This book presents a summary of high-pressure phase transitions of minerals and related inorganic compounds. The first part reviews the methods to investigate phase transitions by direct high-pressure and high-temperature experiments together with thermodynamic approaches that consist of calorimetric measurements and thermodynamic calculation. In the second part, phase relations and thermodynamic properties of olivine, pyroxene, garnet, spinel, perovskite, rutile, and related inorganic compounds with A2BO4, ABO3, AB2O4, and AO2 stoichiometries are described. Particular emphasis is placed on spinel- and perovskite-structured phases and their high-pressure polymorphs called post-spinel and post-perovskite phases. The last part of the book focuses on phase relations of mantle rocks and on natural high-pressure minerals from the Earth's deep mantle and in shocked meteorites.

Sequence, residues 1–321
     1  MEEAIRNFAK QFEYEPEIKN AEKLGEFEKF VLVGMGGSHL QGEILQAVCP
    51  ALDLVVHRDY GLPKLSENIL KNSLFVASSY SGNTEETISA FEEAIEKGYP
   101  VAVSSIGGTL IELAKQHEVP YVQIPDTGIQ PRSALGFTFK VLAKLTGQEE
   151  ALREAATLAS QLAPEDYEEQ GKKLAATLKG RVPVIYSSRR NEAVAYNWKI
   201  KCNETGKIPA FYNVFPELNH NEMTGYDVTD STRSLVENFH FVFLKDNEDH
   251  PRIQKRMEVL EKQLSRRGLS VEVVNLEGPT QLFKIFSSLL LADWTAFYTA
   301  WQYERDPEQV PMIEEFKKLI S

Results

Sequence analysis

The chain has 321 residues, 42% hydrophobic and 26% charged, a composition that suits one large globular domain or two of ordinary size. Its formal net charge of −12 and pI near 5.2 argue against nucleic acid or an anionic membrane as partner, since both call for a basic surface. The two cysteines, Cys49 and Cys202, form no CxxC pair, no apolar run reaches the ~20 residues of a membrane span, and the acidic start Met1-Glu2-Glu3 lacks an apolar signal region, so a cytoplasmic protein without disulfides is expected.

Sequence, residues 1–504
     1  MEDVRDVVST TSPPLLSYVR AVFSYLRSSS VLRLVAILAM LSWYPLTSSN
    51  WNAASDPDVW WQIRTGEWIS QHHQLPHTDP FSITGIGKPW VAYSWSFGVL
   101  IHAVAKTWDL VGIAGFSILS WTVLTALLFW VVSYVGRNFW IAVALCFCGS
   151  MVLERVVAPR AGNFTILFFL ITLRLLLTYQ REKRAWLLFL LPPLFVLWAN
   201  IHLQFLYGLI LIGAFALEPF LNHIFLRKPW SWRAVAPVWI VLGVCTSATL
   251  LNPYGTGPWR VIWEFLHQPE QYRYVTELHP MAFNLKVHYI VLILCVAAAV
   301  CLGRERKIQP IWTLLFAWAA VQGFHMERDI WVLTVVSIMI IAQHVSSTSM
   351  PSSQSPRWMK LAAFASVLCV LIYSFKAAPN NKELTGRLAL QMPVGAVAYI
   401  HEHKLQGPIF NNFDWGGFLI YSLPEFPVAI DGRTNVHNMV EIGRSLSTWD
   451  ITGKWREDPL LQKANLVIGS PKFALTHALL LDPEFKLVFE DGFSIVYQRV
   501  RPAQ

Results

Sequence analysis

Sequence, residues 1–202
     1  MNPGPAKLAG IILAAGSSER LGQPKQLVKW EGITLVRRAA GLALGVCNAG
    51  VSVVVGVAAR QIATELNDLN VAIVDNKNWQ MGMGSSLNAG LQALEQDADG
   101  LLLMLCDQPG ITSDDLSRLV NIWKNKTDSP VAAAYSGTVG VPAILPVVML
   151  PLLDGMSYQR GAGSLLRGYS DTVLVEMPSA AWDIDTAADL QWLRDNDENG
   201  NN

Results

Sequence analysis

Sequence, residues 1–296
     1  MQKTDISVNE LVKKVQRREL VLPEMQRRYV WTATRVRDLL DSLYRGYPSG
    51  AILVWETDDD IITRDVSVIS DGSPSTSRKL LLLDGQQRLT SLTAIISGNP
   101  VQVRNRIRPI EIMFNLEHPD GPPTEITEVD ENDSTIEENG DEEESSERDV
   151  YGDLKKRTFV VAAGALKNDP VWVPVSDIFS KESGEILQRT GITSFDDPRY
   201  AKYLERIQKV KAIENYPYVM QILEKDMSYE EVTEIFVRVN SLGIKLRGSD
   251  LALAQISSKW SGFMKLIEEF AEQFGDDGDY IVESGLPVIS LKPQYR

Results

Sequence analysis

After receiving a B.Sc. in petrology and mineralogy from Tohoku University, Masaki Akaogi earned a Ph.D. in geophysics from the University of Tokyo. Subsequently, he worked as an assistant professor and as an associate professor in the Department of Earth Sciences, Kanazawa University. He was a postdoctoral fellow in the Department of Chemistry, Arizona State University in the early 1980s, and was a visiting scientist in the Department of Geosciences, Princeton University. From 1990 to 2021, he was a full professor in the Department of Chemistry, Gakushuin University, where he is currently an emeritus professor. He served as an editor of Physics and Chemistry of Minerals (Springer) from 1997 to 2005. His research interests include high-pressure phase equilibria and thermodynamic properties of silicates and related compounds with applications for clarifying mineralogy, structure, and dynamics of the Earth's interior and for synthesis of new inorganic materials. Dr. Akaogi is a fellow of the Mineralogical Society of America and of the Japan Geoscience Union. He has received awards from the Mineralogical Society of Japan and the Japan Society of High Pressure Science and Technology.